An Illustrated History
Gilles Munier; photography by Erik Bonnier
5" x 8" • 240 pages • full-color photos, maps
ISBN 9781566565134 (UK ISBN 9781844370184) • paperback • $20.00 •
“A sumptuously illustrated and well-documented history”—Islamic Horizons
“[A] superior guide… What one finds inside its covers is a visually striking, information-filled, absolutely riveting excursion through all regions of this ancient land, with historical and cultural threads woven into a narrative from which the reader—and potential traveler—comes away both enlightened and awe-struck. As well, library patrons simply wanting good, basic background on this highly topical place will find their needs met here.” – Booklist
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Iraq’s contemporary image provides few clues to the magnificence and power of her past. Known as Mesopotamia (“land between the two rivers”), Iraq, which lies between the Tigris and Euphrates rivers, was probably the earliest center of human civilization. Here emerged the earliest scripts, the earliest architecture, and the earliest sciences. But Mesopotamia has always been in upheaval, down to the present day.
The past hundred years have progressively closed to western access the land of ancient Mesopotamia. Now, the Gulf War, the decade-long embargo, and the drumbeats of another war have all but locked the door to foreigners. Yet Gilles Munier has been able to travel extensively in this war-torn country, and he brings a refreshingly compassionate vision of the land that was once the cradle of humanity. He has visited the tomb of Islam’s first martyr at Karbala, lost himself in the tiny streets of old Baghdad, and trekked to Kurdistan, “Country of the Reeds.” The result is a sumptuously illustrated and impeccably documented history of the country whose borders include the ruins of ancient Nineveh, Chaldea (Abraham’s birthplace), Babylon, and Samara.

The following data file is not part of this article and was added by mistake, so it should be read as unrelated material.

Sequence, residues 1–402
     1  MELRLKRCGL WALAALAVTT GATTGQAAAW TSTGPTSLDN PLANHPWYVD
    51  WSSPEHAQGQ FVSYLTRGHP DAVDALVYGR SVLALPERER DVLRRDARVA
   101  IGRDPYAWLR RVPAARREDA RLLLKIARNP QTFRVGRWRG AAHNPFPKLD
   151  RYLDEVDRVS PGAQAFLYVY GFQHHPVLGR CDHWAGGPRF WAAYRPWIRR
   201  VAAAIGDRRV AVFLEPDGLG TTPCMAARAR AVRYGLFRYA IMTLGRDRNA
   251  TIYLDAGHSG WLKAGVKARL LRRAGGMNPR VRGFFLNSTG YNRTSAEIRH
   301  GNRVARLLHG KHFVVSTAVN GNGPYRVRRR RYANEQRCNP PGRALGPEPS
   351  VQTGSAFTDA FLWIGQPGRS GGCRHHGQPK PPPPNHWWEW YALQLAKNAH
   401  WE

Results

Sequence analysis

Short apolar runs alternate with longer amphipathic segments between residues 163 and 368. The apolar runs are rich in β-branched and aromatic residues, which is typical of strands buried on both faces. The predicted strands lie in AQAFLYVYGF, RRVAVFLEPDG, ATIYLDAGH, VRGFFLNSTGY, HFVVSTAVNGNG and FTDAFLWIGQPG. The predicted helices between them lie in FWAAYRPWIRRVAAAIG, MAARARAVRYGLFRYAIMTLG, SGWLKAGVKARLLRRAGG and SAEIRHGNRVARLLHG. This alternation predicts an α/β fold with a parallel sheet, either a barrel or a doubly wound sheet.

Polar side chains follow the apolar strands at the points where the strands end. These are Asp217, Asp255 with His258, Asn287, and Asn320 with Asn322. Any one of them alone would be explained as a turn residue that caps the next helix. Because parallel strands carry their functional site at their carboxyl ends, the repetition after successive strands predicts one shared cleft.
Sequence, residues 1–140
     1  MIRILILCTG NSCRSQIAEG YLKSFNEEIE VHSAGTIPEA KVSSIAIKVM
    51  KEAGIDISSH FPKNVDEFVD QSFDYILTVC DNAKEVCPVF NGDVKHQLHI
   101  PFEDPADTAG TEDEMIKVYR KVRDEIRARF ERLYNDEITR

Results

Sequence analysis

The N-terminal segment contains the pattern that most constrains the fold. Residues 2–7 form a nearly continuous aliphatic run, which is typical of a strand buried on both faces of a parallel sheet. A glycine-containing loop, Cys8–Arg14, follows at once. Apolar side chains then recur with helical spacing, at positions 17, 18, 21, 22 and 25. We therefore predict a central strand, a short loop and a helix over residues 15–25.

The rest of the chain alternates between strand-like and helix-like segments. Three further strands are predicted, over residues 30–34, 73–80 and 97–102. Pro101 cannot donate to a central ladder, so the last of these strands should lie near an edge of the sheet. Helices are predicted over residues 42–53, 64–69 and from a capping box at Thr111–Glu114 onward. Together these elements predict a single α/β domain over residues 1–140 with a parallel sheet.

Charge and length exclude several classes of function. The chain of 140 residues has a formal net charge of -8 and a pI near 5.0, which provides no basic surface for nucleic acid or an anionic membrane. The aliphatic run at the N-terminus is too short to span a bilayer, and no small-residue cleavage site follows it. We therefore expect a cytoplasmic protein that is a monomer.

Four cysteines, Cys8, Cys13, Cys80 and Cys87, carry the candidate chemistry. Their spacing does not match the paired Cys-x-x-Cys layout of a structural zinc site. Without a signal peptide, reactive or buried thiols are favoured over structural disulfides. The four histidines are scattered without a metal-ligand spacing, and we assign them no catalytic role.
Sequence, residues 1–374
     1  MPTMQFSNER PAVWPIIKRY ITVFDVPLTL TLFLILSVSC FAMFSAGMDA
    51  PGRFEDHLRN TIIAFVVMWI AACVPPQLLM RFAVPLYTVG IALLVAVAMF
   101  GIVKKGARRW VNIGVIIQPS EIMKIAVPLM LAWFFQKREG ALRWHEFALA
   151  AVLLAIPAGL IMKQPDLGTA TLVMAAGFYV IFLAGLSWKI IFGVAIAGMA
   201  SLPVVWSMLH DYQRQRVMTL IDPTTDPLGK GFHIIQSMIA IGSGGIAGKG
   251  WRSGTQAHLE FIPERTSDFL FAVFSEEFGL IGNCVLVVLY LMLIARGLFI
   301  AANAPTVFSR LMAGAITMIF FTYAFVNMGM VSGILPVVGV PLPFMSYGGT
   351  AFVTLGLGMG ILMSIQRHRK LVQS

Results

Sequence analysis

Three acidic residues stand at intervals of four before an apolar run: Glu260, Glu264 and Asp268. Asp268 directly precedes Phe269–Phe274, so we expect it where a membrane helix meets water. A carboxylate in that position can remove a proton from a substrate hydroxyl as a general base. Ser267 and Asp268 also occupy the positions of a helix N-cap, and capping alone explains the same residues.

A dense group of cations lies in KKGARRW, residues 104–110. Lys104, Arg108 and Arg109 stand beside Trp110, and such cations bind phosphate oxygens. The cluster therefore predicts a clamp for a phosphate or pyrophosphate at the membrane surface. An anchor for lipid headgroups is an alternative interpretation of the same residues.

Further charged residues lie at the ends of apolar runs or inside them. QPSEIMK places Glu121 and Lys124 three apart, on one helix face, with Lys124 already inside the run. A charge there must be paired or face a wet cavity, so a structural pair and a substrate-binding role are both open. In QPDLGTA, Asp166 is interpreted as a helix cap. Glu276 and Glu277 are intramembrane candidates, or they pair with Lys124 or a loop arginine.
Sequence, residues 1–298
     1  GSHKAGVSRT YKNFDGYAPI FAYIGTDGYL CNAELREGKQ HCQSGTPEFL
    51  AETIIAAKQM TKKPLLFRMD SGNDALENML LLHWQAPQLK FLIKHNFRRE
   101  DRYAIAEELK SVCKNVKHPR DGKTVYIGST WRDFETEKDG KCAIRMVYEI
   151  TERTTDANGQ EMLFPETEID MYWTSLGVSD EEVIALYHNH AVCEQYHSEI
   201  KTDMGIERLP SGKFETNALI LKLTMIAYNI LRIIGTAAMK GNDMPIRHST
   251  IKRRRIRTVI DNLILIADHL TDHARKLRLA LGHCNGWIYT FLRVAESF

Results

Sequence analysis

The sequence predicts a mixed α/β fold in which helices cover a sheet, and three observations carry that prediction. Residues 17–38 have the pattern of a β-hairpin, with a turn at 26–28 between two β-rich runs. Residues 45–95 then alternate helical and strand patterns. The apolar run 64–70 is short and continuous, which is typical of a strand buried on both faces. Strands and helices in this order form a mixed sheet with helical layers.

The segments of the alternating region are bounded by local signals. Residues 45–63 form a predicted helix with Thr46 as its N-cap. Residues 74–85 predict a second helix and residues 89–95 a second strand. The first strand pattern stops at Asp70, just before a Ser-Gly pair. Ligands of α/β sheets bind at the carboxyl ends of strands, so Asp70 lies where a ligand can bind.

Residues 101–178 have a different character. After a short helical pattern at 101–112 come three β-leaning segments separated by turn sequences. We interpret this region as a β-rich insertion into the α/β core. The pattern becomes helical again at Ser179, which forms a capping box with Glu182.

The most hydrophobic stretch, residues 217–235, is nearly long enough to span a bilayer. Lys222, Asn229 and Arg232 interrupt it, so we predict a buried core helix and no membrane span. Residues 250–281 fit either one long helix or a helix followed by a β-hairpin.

Embark upon a voyage of discovery to the place where writing was first invented, to the city that was the center of the Arab Golden Age, to the place where much that we still are once began.
Gilles Munier has lived in Algeria and Morocco and now resides in France. He is vice president of the Franco-Iraqi Institute for Economic Cooperation, and he regularly organizes business and cultural tours to Baghdad.
I looking for Iraq cultural,what the iraqi people think about the american troops there before and now. how the american treat the woman in diffrent parts of iraq, — nadia shaotha
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